CapRE’s NorCal Data Center Summit Preview: Q&A with Adam Waitkunas, Milldam PR, on Data Center Branding Strategy
by Josh Anderson
SAN FRANCISCO, CA — Adam Waitkunas, President and Founder of Milldam Public Relations, is a public relations professional with extensive experience in media relations, marketing strategy, business development and strategic partnerships. Under his direction, Milldam has helped technology clients across the country secure articles in publications such as The Wall Street Journal, The New York Times, CFO Magazine, Data Center Knowledge, Green Tech Media, The Boston Business Journal, Mission Critical Magazine, The Silicon Valley Business Journal and Capacity Magazine, among others. Additionally, he has helped businesses become thought leaders in their fields and a valued resource for industry-specific media, helping them to increase sales, promote awareness and become attractive targets for M&A. Below, we caught up with Adam in bCapRE Data Center Summits to learn about his latest observations and recommendations as a public relations professional in the mission critical space.
CapRE: Thanks for chatting with us, Adam. How was 2018 for you? How did Milldam do?
Waitkunas: 2018 was a pretty good year. It was a transition for us and we brought on some new clients. One of our new is GRC – Green Revolution Cooling – they do liquid immersion cooling for servers. And we’ve seen a lot of interest in that client. They rebranded this year and with power constraints and high-density compute there’s a lot of interest. People are running out of energy capacity and liquid cooling is a good alternative. I think we’ll see some movement in that area.
CapRE: What are you hearing from your clients? What are they coming to you about?
Waitkunas: We’re still seeing a lot of areas for thought leadership for vendors providing services, such as enterprise data centers or colocation providers. From the PR side of things, the end users are still looking for content that shows particular vendors have an expertise in a given area. They’re looking for something easily digestible give time constraints. We see a lot of that. We work with clients to develop content and work on strategy around that, so I think we’ll see more thought leadership as we head into 2019.
CapRE: What else do you anticipate happening in 2019? What’s next for the industry?
Waitkunas: One item off of the top of my head is the modular data center. We just started working with a company in Southern California called Data Specialties and, in addition to doing traditional data center, they have gotten into the modular area. And that’s one of the topics actually at the Nor Cal event in February. That’s an area that will be given more attention in 2019 as well. I also think that we’re going to see more of a re-focus on energy efficiency, based on the work that some of our clients are doing.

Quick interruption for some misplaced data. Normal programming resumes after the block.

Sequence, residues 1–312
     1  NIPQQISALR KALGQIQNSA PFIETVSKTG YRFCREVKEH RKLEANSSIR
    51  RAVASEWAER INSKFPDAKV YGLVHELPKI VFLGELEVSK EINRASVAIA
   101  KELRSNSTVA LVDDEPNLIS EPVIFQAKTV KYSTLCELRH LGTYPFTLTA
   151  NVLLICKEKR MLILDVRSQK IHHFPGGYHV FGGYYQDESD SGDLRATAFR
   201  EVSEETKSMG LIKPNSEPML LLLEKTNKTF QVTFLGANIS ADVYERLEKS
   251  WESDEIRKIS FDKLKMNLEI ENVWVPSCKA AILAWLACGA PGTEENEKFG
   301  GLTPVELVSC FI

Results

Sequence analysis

CapRE: What advice would you give to a data center operator who is struggling with branding?
Waitkunas: It’s important to first figure out your target market and drill down to who, by title, they’re looking to target. Who is the decision-maker? Then develop the message from that. We’ve done a couple of focus groups and brainstorming sessions on that for clients, outside of the traditional PR scope. We bring in different end users and bounce different messages and highlights off them. That’s a good method because you’re able to get great feedback from the folks you’re trying to sell to. It’s a helpful strategy when figuring out how to sell to the right person.
CapRE: What is the biggest challenge you face in deploying this strategy?
Waitkunas: A big challenge we face is trying to help out clients differentiate between all the vendors out there – all the service providers trying to get attention. They’re up against a lot of companies trying to get noticed and we’re trying to get them noticed, too. So we’re coming up with ideas to get them to stand out, whether that’s through news announcements or planning thought leadership calendars, which they’ll be writing about throughout the year.
CapRE: Can you give us an example of the kind of ways you’re rising to such challenges?
Waitkunas: We’re seeing an uptick in micro-events that we’re doing for clients – seminar size events that the client took on themselves and found partners for. like a breakfast or lunch and bring in end-users for some personal contacts and to provide them with information. These are usually three to four hours and a very small-scale event for our client and their partners.
CapRE: Are there any storm clouds on the horizon that you’re preparing for?
Waitkunas: There is some thought out there that we may be heading into a recession in the near future. A lot of times when we head into a recession the first thing companies cut is marketing and communications. It’s important for companies to know that can be detrimental to their success. The marketing and communication keeps them out in front. That’s something that folks should reconsider as we enter into a recession or a bit of a downturn.
CapRE: So what’s the bottom line?
Waitkunas: I would say that when you stop or cut back in marketing communications, there’s a lot of leg work that has to be done to bring them back up to speed. And a company can end up losing a lot of continuity.
CapRE: Got it. Thanks for your time, Adam. We’ll see you soon!